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Velzz
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Noob here seeking help to make sure audio for my film is mastered properly

Mar 27, 2012 12:44 PM

I learn through diving into things, watching and discussing and I'm at the point of worrying about audio and was hoping someone can fill me in on proper steps to take.

 

I am cutting together a 25 minute film on premiere CS5.5 and of course I have Audition. I have many many audio clips as you can imagine. I am wondering the basic process as to what steps I should take to make sure this sounds as good as possible. I have read some tutorials on Audition but honestly don't know enough on the concept of sound to understand if the steps shown in any of the tutorials pertain to my specific case.

 

I basically want all the volume levels to be standardized across the board. I know this can be done in Audition, and would love if someone could give a step by step as to how to properly do this. I suppose I am shooting for the standard -6 max peak, but again don't know which options to select in the process to make sure this is properly set. I'm not even sure how to properly select which clips I want the effect applied to... I attempted to do a volume match in some clips in Audition, but I did it by hilighting the clips with the mouse by dragging over them in the timeline, and I think though that the volume matching popup window was instead asking me to find these clips over in the Files window to the left. I pressed batch process and it defniitely processed SOMETHING though i'm not sure what. I hope that the program truly doesnt need for me to physically click on the files in the window to the left and will accept what is just hilighted as this would be a nightmare trying to sort through hundreds of clips.

 

I also don't know how to make the clips youre editing in Audition apply the changes to the Premiere timeline when working with dynamic linnk. Do I just save?

 

I also know I'm going to need to take out the electrical hiss is many clips (or hums) and was wondering what the best process to do that is as well.

 

Thanks a bunch for the patience with newbies like me to anyone who chooses to answer.

 
Replies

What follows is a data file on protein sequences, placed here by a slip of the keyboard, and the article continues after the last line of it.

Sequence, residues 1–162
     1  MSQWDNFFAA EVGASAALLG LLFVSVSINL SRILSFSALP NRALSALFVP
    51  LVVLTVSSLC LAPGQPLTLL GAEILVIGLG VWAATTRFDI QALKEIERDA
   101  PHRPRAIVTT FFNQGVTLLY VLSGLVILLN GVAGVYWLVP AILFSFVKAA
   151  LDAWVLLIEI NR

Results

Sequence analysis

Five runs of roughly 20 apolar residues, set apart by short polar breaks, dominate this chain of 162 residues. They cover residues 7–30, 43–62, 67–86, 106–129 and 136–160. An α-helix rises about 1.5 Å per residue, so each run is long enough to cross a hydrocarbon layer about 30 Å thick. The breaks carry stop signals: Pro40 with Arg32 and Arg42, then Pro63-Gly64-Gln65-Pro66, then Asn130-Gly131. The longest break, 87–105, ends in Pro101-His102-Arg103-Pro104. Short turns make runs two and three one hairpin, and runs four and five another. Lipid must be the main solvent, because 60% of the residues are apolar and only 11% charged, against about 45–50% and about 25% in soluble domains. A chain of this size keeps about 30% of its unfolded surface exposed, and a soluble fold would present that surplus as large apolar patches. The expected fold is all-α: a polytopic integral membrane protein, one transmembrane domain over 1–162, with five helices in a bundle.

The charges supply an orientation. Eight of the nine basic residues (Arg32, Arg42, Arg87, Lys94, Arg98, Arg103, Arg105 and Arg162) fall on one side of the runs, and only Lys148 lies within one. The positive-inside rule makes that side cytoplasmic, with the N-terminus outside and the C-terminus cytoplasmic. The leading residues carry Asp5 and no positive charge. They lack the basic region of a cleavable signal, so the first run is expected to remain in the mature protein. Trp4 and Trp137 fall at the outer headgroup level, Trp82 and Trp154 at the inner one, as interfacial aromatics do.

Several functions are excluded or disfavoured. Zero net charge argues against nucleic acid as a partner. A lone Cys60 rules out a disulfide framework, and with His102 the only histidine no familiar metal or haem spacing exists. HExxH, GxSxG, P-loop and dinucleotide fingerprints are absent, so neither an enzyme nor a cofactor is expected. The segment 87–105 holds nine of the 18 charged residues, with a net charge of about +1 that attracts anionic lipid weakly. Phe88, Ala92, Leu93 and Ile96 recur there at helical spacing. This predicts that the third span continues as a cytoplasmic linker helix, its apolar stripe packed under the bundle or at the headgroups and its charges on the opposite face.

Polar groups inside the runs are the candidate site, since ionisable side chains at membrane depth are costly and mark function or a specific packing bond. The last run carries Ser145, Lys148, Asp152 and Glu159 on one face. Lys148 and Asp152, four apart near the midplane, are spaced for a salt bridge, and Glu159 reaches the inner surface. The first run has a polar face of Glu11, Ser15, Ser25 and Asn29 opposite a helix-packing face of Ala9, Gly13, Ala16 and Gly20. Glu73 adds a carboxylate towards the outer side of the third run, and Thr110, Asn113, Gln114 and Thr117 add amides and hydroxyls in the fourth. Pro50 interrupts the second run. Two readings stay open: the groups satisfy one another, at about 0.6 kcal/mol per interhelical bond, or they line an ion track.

• Currently Being Moderated
    Mar 27, 2012 1:52 PM   in reply to Velzz

    Hi Velzz,

     

    If you've achieved picture lock in Premiere - you're done editing the video and are now mastering the audio - this is a pretty straightforward procedure.

     

    From the Premiere sequence, choose Edit > Edit in Adobe Audition > Sequence... and allow Premiere to generate an interchange session and open it in Audition.  You may want to render a reference video to make it simpler, but this is not a necessary step.  What we'll be doing here is not directly editing the clips in the Premiere timeline, but generating new clips for an Audition session, then sending rendered, mastered stems back to Premiere to replace the existing audio.

     

    Once this sequence opens in Audition, select the clips you wish to standardize - these would likely be voice clips only and not music - and right-click one and select Match Clip Volume from this menu.  You'll be able to select a target level to which you'd like all selected clips normalized.  You may need to follow-up by adjusting the levels or mix depending on your needs, but this should get all the clips at a relative level so you're not making wild adjustments.

     

    When you're satisfied with the mix, choose Multitrack > Export to Premiere Pro... from the menu.  You can send back individual tracks or buses rendered as full-duration stems, or the master output rendered to mono, stereo, and/or 5.1 stems.  Premiere will import these and allow you to place them on new audio tracks in your sequence.  mute the original audio tracks and you should be ready to export your final product.

     

    To attack the hum/hiss, you'll want to try some of the Noise Reduction / Restoration effects.  Hiss reduction should make short work of any standard hiss while you may want to try the DeHummer tool to remove electrical hum and related harmonics.  You might have good luck using the Noise Reduction tool for these operations as well - find a region of audio that contains JUST the noise or just the hum (or both), select it, and choose Capture Noise Print form the right-click menu.  Then open the Noise Reduction effect and preview/adjust until you find the right balance of noise reduction without affecting your actual audio signal and apply.

     
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